Perhaps Ramaswamy saw this coming, because while he slurred his opponents as "bought and paid for" at the last debate, he said multiple times last night that everyone who was on stage is a good person, and that Democrats are the real enemy. We do not think this will make the other Republicans feel warm and fuzzy about him.

  3. Nothing New: We listened to the entire debate, as painful as it was. And we're not sure we heard a single proposal, a single opinion, a single... anything related to policy that we had not heard before. What's the point of repeating, yet again, the things that everyone has already heard? We get it. China is evil. The wide-open border is responsible for millions of people dying from fentanyl overdoses. Joe Biden should be curing cancer or securing world peace or unlocking the secrets of cold fusion instead of what he's actually doing. Get some new talking points, folks. (With this said, they did disagree on one thing, namely Ukraine.)

  4. It's Not a Dictatorship: To the extent that there were policy proposals—and again, there weren't many—we don't think we heard a single thing that could actually get through Congress. Whether it's Sen. Bernie Sanders (I-VT) talking about a $25/hour minimum wage or it's every Republican on stage talking about converting the entire American educational establishment to a voucher-based system, what's the point if none of it will ever come to pass?

  5. Paradise... or Hellscape?: In addition to a lack of clarity about what the candidates would actually do as president, and what differentiates them from one another, our head was also left spinning by the conflicting generalizations about the United States. On one hand, the American dream is alive and well (Sen. Tim Scott, R-SC), capitalism is the greatest economic system ever created (Ramaswamy) and Americans are the greatest innovators ever (Chris Christie). On the other hand, America is in a state of decay (DeSantis), its economy is on the brink of ruin (Christie), and it's been in decline since the Great Society (Scott). So... which is it?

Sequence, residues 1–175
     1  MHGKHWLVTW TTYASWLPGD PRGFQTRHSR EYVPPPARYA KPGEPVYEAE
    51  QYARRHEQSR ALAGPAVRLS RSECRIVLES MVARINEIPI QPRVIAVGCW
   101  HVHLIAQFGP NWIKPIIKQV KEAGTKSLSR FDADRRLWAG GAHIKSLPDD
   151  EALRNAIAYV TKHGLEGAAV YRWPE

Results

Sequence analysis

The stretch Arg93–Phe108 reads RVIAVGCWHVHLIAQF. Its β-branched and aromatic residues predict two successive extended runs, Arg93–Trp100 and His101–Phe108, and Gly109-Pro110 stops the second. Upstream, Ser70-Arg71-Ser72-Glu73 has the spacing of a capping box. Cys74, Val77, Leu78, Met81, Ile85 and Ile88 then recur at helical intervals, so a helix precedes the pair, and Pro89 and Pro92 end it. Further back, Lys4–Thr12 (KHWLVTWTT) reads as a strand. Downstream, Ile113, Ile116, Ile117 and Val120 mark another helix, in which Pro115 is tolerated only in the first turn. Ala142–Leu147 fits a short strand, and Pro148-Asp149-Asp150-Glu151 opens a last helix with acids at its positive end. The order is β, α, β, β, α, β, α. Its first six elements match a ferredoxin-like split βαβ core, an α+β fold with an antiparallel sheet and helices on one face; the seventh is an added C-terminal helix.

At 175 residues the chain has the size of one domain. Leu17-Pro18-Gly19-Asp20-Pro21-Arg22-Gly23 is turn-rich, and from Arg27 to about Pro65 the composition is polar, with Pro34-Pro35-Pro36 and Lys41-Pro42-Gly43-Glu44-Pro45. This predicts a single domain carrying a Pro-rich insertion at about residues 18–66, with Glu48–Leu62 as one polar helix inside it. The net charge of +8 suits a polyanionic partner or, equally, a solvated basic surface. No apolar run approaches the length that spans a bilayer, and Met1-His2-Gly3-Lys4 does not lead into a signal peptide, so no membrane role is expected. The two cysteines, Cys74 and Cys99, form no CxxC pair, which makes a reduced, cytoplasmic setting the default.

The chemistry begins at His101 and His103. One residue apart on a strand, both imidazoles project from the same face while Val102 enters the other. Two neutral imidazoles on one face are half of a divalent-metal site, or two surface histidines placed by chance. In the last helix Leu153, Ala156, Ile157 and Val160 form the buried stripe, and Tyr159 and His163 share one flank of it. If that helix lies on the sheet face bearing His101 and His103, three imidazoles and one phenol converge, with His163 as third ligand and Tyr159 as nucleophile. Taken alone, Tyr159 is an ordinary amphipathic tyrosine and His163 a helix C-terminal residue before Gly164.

6. Uncontrolled: Maybe three-moderator setups are just not a good idea, because there's effectively nobody in charge. Or maybe it was just this particular three-moderator setup. In any event, the trio—Fox's Dana Perino, Fox Business' Stuart Varney and Univision's Ilia Calderón—had absolutely no control over the debate. We do not know how they chose which candidate got which question, but there was no rhyme or reason to it, as far as we could detect. That said, it hardly mattered, because any candidate who wanted to speak up did so, whether they had the floor or not. Often, there were three or four or five candidates all talking at once. And this was not an infrequent thing—it must have happened at least a dozen times, if not more. And it often went on for 20-30 seconds.